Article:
Thursday, October 15, 2009

The Most Annoying, Overused Words in the Workplace

dictionary entry Every organization, profession and industry has its own specialized language that can often be virtually incomprehensible to outsiders. Sometimes, it’s just a concise way to communicate a complex concept to those already in the “know.” For example, words that public relations professionals use all the time — like “metrics,” “thought leadership” and “segmentation” — often don’t mean the same thing to CEOs, COOs or CIOs. This can be a problem.

But sometimes jargon is used purposely to impress or confuse. This is bad. Very bad. Using imprecise or bewildering language not only short-circuits communication, it can also leave the listener frustrated — or even angry. Instead of building bridges, sloppy jargon creates a divide.

I was reminded of this when I read the results of a recent survey by the staffing services firm, Accountemps (via Neatorama).

One hundred and fifty senior executives with the nation’s 1,000 largest companies were asked, “What is the most annoying or overused phrase or buzzword in the workplace today?” Their answers:

  • Leverage (e.g., “We intend to leverage our investment in IT infrastructure across multiple business units to drive profits.”)

  • Reach out (e.g., “Remember to reach out to customers impacted by the change.”)

  • It is what it is (e.g., “The server is down today, and clients are irate. It is what it is.”)

  • Viral (e.g., “Our video has gone viral.”)

  • Game changer (e.g., “Transitioning from products to solutions was a game changer for our company.”)

  • Disconnect (e.g., “There is a disconnect between what the consumer wants and what the product provides.”)

  • Value-add (e.g., “We have to evaluate the value-add of this activity before we spend more on it.”)

  • Circle back (e.g., “I’m heading out of the office now, but I will circle back with you later.”)

  • Socialize (e.g., “We need to socialize this concept with our key stakeholders.”)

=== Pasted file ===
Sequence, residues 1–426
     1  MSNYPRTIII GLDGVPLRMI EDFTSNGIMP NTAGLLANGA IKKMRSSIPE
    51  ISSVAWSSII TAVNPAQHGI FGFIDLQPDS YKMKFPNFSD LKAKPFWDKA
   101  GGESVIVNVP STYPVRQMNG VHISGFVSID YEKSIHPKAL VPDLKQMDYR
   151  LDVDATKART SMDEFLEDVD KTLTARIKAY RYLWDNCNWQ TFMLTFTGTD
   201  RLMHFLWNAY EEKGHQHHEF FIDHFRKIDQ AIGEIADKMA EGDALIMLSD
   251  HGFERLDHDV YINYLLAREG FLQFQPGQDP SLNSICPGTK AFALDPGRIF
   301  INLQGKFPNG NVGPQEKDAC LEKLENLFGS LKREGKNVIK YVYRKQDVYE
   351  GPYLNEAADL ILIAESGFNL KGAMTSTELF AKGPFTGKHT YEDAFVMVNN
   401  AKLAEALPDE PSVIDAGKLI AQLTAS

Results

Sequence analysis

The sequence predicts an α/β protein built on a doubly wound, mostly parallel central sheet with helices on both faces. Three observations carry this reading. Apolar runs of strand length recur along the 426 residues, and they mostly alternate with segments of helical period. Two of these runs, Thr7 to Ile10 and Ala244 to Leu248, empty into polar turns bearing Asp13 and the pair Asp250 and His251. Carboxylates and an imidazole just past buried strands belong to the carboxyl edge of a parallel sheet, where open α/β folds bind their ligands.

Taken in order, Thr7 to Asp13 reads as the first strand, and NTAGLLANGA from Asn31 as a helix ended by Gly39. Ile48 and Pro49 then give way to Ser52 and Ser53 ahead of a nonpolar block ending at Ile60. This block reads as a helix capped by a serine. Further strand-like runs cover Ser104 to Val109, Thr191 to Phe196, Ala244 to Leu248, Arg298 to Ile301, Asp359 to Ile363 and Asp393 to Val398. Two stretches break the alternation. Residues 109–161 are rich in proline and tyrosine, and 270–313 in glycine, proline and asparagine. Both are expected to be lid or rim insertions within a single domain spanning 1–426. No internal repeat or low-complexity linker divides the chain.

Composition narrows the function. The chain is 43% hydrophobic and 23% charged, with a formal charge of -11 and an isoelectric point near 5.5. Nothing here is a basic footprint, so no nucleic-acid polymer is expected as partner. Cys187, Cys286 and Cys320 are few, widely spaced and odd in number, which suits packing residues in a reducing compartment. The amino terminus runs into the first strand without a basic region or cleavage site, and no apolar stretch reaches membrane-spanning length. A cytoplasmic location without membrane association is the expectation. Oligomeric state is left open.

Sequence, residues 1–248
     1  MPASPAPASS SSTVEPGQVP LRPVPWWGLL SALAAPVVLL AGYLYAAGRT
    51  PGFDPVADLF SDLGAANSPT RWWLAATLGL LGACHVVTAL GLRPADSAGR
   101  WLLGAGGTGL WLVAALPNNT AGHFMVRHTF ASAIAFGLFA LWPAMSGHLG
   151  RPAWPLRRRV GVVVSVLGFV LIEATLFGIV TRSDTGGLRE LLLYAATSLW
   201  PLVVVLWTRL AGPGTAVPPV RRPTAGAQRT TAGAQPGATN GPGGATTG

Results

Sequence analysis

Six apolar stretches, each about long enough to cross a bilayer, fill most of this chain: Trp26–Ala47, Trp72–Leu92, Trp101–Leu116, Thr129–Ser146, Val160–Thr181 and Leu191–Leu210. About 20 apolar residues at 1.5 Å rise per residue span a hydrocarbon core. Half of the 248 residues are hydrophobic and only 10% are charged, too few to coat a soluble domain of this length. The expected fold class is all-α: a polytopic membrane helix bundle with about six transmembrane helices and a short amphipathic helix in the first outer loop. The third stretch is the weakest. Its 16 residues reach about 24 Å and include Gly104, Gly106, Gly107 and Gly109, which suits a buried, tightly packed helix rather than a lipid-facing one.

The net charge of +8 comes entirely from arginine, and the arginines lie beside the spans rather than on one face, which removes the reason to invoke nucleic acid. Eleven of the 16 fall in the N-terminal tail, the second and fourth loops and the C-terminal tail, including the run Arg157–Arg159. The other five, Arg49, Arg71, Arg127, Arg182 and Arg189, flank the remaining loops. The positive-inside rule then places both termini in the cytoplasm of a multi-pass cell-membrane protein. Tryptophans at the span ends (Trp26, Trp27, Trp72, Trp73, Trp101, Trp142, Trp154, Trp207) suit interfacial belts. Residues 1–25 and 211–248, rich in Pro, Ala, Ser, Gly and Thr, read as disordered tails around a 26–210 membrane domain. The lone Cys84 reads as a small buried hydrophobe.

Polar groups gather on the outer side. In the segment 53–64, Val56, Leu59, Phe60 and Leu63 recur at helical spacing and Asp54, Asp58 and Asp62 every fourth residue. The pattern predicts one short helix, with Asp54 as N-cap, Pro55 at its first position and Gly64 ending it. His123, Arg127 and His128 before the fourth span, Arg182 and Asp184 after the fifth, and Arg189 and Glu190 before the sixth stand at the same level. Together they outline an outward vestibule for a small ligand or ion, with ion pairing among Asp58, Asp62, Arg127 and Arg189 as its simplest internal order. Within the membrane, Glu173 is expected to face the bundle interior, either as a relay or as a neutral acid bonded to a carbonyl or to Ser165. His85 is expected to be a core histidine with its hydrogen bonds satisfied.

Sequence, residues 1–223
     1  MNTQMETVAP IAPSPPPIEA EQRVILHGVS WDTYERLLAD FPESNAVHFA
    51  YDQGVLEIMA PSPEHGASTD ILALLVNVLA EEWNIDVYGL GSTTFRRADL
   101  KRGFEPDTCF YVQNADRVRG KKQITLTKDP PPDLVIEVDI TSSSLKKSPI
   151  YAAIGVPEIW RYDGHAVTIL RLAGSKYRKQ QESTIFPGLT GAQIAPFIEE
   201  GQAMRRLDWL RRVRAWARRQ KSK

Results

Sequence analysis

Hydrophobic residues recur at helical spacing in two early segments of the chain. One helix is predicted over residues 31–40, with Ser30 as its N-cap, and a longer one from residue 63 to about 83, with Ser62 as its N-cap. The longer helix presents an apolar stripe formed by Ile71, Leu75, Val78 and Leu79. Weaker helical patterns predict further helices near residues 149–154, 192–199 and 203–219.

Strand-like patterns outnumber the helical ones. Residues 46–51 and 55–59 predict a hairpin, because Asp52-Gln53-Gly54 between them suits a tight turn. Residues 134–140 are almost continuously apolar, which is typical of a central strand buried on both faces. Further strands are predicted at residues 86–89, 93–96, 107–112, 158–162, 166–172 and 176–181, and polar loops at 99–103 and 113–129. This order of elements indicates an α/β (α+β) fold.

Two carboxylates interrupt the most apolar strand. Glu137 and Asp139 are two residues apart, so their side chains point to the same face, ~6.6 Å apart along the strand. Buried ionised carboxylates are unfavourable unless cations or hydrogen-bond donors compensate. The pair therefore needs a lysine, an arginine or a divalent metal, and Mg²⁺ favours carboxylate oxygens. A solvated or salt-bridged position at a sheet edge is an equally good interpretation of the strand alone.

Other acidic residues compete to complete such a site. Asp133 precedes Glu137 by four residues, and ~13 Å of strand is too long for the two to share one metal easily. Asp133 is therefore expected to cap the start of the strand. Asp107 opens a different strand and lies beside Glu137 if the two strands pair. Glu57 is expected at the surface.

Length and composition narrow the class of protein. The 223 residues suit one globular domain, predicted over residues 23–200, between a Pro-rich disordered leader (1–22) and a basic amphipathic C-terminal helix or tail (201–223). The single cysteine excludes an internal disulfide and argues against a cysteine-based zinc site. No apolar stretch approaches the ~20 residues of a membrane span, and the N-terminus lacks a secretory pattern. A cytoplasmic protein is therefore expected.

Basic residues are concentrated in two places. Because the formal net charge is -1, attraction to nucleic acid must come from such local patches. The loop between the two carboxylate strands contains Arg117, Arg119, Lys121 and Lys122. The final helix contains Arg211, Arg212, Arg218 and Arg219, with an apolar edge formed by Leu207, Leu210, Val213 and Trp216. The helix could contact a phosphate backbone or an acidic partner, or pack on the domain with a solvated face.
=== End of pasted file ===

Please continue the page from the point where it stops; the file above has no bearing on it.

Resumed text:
• Interface (e.g., “My job requires me to interface with all levels of the organization.”)

  • Cutting edge (e.g., “Our cutting-edge technology gives us a competitive advantage.”)

Accountemps conducted a similar survey in 2004. The following “Hall-of-Fame” buzzwords were cited in both surveys:

  • At the end of the day

  • Synergy

  • Solution

  • Think outside the box

  • On the same page

  • Customer-centric

My thoughts? Used sparingly and appropriately, buzzwords can be a great form of business shorthand. Used lavishly, out of context and without forethought, they make the speaker sound like a lazy, unimaginative, middle-management wannabe.

Technorati Tags: Accountemps, thought leadership, metrics, segmentation, value-add, game-changer, Synergy


Anonymous Hannah said...

It was really interesting that you talked about buzz words since that was one of the topics taught in my Journalism class today. I agree with the point that buzz words are to impress or confuse and also get annoying. It makes more sense to use every day language to get a point across instead of relying on cliches, also that makes it seem more genuine. Looking at the list of buzzwords the "think outside the box" phrase is something that I know I have heard too many times. Maybe the best place for such thoughts is in the planning process for personal use or behind the scenes with those who will understand what you are talking about and will then use that and transform it into a better presentation.

Tuesday, October 20, 2009 12:58:00 PM  

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